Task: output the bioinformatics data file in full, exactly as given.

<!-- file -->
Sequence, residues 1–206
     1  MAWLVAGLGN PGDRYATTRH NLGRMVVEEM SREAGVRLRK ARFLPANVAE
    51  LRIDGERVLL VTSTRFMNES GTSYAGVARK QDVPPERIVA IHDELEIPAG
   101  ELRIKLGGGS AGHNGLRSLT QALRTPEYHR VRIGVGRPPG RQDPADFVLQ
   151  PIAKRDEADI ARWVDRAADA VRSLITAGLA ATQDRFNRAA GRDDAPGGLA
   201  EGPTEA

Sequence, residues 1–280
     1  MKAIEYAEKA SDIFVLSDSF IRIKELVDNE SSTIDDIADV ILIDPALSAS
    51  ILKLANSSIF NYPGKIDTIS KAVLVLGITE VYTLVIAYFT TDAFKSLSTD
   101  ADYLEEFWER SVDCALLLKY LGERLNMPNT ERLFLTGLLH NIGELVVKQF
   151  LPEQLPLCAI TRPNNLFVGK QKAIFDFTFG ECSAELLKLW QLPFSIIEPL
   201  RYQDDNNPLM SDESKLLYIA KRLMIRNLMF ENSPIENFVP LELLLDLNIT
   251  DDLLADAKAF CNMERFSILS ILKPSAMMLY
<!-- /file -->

Sequence, residues 1–206
     1  MAWLVAGLGN PGDRYATTRH NLGRMVVEEM SREAGVRLRK ARFLPANVAE
    51  LRIDGERVLL VTSTRFMNES GTSYAGVARK QDVPPERIVA IHDELEIPAG
   101  ELRIKLGGGS AGHNGLRSLT QALRTPEYHR VRIGVGRPPG RQDPADFVLQ
   151  PIAKRDEADI ARWVDRAADA VRSLITAGLA ATQDRFNRAA GRDDAPGGLA
   201  EGPTEA

Sequence, residues 1–280
     1  MKAIEYAEKA SDIFVLSDSF IRIKELVDNE SSTIDDIADV ILIDPALSAS
    51  ILKLANSSIF NYPGKIDTIS KAVLVLGITE VYTLVIAYFT TDAFKSLSTD
   101  ADYLEEFWER SVDCALLLKY LGERLNMPNT ERLFLTGLLH NIGELVVKQF
   151  LPEQLPLCAI TRPNNLFVGK QKAIFDFTFG ECSAELLKLW QLPFSIIEPL
   201  RYQDDNNPLM SDESKLLYIA KRLMIRNLMF ENSPIENFVP LELLLDLNIT
   251  DDLLADAKAF CNMERFSILS ILKPSAMMLY